Published in 1941, this “Trading Game: France—Colonies” aimed to teach French children the basics of colonial management.
Players drew cards corresponding to colony names, then had to deploy cards representing assets like boats, engineers, colonists, schools, and equipment, in order to win cards representing the exports of the various colonies. “Images on the game,” Getty Research Institute curator Isotta Poggi writes in her blog post on the document, “provide a vivid picture of the vast variety of resources, including animals, plants, and minerals, that the colonies provided to France.” Cartoons on the cards depict coal (mined by a figure clearly intended to be a “native”), rubber, wood, and even wild animals.
Along the way, players needed to avoid pitfalls like sickness, “laziness,” and intemperance (illustrated by a cartoon of a red-cheeked white man in khakis and a white hat, served by a “native” in “traditional” dress). Once the cards representing a colony’s major exports had been won, the colony was considered “exploitée,” and was out of the game.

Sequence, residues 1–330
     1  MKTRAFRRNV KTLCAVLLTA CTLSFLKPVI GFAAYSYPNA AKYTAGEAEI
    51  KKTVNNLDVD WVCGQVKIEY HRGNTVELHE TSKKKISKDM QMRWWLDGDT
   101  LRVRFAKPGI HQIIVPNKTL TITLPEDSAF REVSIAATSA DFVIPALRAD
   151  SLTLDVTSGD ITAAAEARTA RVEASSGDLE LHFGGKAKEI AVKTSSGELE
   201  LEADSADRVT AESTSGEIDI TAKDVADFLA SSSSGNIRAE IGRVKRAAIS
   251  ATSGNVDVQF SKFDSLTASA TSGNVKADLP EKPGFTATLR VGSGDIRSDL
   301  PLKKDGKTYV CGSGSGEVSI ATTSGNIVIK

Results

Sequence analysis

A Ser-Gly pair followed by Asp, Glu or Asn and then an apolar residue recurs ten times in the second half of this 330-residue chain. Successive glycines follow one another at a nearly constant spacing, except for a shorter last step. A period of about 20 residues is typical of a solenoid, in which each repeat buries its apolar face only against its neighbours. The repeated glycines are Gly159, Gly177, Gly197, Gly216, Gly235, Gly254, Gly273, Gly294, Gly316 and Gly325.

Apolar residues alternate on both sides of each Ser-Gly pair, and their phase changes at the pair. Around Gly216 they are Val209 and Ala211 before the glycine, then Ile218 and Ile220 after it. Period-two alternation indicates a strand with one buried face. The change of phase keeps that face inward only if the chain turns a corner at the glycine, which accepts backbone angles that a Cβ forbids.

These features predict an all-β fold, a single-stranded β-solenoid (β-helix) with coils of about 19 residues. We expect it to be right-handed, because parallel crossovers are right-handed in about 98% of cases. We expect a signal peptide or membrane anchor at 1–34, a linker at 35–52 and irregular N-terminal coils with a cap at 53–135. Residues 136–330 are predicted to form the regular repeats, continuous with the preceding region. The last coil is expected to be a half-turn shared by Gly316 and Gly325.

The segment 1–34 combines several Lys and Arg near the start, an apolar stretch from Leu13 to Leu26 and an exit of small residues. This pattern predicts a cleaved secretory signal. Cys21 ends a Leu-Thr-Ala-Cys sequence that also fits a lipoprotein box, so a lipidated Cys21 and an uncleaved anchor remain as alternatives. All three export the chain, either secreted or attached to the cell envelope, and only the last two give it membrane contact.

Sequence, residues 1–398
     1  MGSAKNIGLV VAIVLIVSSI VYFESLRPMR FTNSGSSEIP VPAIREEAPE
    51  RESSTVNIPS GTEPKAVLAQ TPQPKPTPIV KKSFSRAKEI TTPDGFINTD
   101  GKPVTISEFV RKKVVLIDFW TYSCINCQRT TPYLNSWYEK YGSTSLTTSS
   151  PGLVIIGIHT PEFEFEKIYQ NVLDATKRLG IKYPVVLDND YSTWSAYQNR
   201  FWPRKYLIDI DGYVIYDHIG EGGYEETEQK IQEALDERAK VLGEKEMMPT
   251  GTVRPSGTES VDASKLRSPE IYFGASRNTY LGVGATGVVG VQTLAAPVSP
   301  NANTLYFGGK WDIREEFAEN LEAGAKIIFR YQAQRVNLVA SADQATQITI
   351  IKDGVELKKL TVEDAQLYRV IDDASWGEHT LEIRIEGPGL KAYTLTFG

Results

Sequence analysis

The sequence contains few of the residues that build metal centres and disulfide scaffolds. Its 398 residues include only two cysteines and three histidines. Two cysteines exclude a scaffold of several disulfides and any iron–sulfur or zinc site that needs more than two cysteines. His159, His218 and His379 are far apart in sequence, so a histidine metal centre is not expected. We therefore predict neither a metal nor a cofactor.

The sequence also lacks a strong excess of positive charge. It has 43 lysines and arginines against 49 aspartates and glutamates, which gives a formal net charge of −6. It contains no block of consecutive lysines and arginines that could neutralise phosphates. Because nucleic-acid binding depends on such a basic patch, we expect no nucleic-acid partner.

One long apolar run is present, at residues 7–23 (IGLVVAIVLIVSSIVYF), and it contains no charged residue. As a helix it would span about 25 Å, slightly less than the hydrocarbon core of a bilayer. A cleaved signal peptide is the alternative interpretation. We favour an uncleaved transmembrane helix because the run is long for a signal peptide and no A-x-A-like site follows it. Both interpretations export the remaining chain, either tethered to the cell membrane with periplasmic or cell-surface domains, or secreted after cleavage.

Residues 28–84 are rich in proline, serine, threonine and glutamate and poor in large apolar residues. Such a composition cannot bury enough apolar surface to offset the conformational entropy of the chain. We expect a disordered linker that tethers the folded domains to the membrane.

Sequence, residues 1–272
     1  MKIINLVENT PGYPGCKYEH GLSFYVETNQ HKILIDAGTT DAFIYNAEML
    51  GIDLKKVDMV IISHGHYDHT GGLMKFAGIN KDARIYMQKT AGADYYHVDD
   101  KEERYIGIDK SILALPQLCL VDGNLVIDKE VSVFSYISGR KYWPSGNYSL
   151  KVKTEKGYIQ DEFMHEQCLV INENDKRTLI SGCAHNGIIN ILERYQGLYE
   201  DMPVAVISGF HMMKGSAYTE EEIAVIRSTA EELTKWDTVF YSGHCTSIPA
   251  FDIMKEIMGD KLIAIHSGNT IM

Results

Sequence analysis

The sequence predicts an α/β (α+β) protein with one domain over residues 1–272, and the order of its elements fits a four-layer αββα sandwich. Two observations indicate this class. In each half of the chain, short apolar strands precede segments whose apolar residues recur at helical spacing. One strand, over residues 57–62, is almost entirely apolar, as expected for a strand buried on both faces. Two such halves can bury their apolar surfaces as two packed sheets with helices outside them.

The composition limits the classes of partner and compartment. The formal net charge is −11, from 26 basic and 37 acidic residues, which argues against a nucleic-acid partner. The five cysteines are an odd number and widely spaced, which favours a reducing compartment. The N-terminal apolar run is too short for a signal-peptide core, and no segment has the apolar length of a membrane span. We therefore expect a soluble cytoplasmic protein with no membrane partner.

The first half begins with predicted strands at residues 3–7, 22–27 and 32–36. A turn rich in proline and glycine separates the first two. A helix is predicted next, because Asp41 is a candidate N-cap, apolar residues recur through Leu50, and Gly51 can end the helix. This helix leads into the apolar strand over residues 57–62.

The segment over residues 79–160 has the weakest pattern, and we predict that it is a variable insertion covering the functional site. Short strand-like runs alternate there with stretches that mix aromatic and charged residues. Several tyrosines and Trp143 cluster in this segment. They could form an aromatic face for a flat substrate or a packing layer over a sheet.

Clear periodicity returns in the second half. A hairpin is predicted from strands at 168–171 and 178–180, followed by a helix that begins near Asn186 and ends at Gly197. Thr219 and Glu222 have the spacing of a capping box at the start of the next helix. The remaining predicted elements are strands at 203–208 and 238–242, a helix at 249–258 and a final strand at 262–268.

As the map at the center of the board shows, at the time France’s empire held colonies in Africa, South America, and Asia. The postwar movements for decolonization and independence changed this picture completely. By 1962, when the eight-year-long Algerian War finally led to Algerian independence, many of the colonies marked in red on this map were no longer under French control.
The game is currently on view at the Getty Research Institute, as part of the exhibition “Connecting Seas: A Visual History of Discoveries and Encounters.” Click on the images below to reach zoomable versions.
Correction, March 1, 2014: An original version of this post misspelled Isotta Poggi's name. The post also reported that every French colony was independent by 1962. Djibouti became independent in 1977, and other former colonies, including French Guyana, Guadeloupe, and Martinique, remain overseas departments of France.
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